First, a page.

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(RM) 224628559
WEIMARER REPUBLIK ERICH LUDENDORFF
Erich Friedrich Wilhelm Ludendorff (April 9 1865 - December 20, 1937) was a German general. From August 1916 his appointment as Quartermaster general made him joint head (with Paul von Hindenburg), and chief engineer behind the management of Germany's effort in World War I until his resignation in October 1918. After the war, Ludendorff became a prominent nationalist leader, and a promoter of the stab-in-the-back legend, convinced that the German Army had been betrayed by Marxists and Republicans in the Versailles Treaty. He took part in the unsuccessful coups d'état of Wolfgang Kapp in 1920 and the Beer Hall Putsch of Adolf Hitler in 1923, and in 1925 he ran for president against his former colleague, Paul von Hindenburg. From 1924 to 1928 he represented the German Völkisch Freedom Party in the German Parliament. In January 1933, on the occasion of Hitler's appointment as Chancellor by President Hindenburg, Ludendorff told him, "I solemnly prophesy that this accursed man will cast our Reich into the abyss and bring our nation to inconceivable misery. Future generations will damn you in your grave for what you have done." In 1935 he published Der Totale Krieg (The Total War) in which he argued that the entire physical and moral forces of the nation should be mobilized, because peace was merely an interval between wars. He died in 1937 at age of 72. Bain News Service, no date recorded on caption card. (KEYSTONE/SCIENCE SOURCE/Photo Researchers)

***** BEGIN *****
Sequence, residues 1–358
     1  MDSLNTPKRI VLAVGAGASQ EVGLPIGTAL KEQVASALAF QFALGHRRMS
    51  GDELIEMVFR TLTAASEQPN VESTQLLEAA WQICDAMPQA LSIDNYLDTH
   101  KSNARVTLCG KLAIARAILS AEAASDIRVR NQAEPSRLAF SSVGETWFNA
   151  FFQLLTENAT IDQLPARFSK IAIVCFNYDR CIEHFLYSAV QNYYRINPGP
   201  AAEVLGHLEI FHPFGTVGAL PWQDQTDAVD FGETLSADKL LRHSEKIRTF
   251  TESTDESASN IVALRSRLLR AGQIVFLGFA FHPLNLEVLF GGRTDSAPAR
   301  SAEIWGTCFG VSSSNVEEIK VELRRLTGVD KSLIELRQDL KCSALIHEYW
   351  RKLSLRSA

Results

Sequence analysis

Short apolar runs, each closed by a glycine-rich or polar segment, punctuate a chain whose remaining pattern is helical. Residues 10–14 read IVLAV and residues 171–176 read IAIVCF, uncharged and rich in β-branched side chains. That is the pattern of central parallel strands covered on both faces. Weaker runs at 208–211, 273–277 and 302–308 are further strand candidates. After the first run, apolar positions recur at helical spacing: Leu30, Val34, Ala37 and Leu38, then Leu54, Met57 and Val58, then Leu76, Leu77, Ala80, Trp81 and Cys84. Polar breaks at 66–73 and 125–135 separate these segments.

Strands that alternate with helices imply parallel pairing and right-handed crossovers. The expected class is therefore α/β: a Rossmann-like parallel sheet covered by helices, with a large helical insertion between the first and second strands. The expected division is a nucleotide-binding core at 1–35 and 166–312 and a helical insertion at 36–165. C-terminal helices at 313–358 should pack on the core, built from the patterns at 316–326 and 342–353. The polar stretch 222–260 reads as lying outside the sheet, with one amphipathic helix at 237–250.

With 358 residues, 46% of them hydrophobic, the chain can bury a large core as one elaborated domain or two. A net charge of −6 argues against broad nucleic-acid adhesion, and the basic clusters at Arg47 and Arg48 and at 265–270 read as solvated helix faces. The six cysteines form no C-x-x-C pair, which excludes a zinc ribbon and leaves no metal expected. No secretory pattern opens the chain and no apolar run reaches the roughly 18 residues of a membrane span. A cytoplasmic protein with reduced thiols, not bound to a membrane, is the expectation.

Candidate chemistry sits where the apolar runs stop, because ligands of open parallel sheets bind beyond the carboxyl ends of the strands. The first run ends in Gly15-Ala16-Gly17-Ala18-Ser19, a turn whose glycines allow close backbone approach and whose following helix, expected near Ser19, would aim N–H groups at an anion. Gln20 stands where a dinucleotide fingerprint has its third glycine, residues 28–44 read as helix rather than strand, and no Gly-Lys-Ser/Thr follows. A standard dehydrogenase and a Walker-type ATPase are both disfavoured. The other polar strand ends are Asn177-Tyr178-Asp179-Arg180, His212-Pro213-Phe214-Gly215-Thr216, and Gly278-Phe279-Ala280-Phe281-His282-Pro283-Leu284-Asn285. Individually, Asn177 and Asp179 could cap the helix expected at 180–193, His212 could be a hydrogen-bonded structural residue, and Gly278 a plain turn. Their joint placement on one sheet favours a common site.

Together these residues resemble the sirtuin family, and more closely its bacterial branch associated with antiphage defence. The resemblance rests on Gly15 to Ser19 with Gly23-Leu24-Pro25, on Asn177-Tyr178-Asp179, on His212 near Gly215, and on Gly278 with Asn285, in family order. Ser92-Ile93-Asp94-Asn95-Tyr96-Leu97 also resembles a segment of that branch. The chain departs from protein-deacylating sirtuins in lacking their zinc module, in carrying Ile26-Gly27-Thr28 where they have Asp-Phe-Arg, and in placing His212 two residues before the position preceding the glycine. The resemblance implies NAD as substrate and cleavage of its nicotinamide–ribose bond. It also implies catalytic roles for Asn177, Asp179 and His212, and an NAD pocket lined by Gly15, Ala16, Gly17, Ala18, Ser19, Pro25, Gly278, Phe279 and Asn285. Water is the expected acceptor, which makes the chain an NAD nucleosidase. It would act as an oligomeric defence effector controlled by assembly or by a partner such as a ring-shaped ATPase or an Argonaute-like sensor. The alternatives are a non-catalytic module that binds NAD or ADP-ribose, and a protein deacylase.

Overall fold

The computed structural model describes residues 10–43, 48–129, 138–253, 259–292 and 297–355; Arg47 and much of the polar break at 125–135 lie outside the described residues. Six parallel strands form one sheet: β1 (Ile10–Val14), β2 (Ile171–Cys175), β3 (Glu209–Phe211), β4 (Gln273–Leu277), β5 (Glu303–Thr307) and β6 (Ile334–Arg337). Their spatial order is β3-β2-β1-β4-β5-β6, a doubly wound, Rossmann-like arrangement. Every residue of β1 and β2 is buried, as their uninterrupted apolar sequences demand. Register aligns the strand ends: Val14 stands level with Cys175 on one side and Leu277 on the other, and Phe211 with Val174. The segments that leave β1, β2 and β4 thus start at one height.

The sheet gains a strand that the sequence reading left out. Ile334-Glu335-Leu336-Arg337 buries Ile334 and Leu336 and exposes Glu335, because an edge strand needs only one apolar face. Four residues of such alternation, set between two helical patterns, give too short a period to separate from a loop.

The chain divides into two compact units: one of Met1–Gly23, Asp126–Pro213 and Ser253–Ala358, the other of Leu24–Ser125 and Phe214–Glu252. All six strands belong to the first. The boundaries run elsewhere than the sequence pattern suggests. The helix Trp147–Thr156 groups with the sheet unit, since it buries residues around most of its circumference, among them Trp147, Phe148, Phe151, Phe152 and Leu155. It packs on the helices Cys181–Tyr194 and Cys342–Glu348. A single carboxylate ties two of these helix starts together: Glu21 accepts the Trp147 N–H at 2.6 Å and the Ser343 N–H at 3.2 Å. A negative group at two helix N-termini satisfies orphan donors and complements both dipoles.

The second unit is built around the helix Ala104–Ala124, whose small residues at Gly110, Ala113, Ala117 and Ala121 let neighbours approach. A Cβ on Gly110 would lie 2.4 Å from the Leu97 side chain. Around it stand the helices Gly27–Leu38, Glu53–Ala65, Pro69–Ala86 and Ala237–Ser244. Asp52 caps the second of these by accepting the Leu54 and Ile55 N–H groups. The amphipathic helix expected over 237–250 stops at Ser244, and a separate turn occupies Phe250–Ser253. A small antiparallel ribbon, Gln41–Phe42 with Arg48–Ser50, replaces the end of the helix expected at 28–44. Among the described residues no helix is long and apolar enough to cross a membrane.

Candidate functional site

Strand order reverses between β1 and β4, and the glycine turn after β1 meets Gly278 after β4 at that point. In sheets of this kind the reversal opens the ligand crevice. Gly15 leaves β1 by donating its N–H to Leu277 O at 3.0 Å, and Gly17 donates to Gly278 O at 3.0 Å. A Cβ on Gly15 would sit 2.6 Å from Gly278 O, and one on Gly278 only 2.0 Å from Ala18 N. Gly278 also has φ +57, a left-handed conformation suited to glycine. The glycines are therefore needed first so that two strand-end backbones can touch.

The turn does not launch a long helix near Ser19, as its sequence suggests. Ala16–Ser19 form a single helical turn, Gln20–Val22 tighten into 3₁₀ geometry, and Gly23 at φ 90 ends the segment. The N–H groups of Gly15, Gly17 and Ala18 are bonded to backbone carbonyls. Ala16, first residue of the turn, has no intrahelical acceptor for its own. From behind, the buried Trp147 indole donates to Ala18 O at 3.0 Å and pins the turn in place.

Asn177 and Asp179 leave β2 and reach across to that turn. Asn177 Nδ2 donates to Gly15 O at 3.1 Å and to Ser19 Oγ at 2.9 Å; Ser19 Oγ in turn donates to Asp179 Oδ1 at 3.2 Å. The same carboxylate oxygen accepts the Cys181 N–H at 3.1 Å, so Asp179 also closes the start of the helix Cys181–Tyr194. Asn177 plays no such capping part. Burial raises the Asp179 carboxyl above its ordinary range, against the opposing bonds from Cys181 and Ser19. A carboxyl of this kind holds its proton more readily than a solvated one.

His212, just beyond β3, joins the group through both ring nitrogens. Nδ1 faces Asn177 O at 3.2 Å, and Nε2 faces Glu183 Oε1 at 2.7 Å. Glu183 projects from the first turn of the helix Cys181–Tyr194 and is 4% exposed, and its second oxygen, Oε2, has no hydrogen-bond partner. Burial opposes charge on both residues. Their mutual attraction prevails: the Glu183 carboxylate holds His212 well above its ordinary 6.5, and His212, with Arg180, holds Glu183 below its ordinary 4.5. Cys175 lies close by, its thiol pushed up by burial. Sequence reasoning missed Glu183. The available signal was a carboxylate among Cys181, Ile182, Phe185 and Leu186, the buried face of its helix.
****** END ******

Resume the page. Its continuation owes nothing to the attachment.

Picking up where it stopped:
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WEIMARER REPUBLIK GENERAL VON HINDENBURG AND ERICH LUDENDORFF
General von Hindenburg with General Ludendorff. Paul Ludwig Hans Anton von Beneckendorff und von Hindenburg (October 2, 1847 - August 2, 1934) was a Prussian-German field marshal, statesman, and politician, and served as the second President of Germany from 1925 to 1934. He enjoyed a long career in the Prussian Army, retiring in 1911. He was recalled at the outbreak of World War I and first came to national attention, at the age of 66, as the victor at Tannenberg in 1914. He retired again in 1919, but returned to public life one more time in 1925 to be elected as the second President of Germany. In 1932, Hindenburg, 84 years old and in poor health, was considered the only candidate who could defeat Adolf Hitler. He was forced to appoint Hitler as Chancellor in January 1933. In February, he issued the Reichstag Fire Decree which suspended various civil liberties, and in March he signed the Enabling Act, in which the parliament gave Hitler's administration legislative powers. He remained in office until his death at the age of 86 from lung cancer in 1934. Erich Friedrich Wilhelm Ludendorff (April 9 1865 - December 20, 1937) was a German general. From August 1916 his appointment as Quartermaster general made him joint head (with Paul von Hindenburg), and chief engineer behind the management of Germany's effort in World War I until his resignation in October 1918. After the war, Ludendorff became a prominent nationalist leader, and a promoter of the stab-in-the-back legend, convinced that the German Army had been betrayed by Marxists and Republicans in the Versailles Treaty. He took part in the unsuccessful coups d'état of Wolfgang Kapp in 1920 and the Beer Hall Putsch of Adolf Hitler in 1923, and in 1925 he ran for president against his former colleague, Paul von Hindenburg. From 1924 to 1928 he represented the German Völkisch Freedom Party in the German Parliament. In 1935 he published Der Totale Krieg (The Toal War) in which he argued that the entire physical and mor (KEYSTONE/SCIENCE SOURCE/Photo Researchers)
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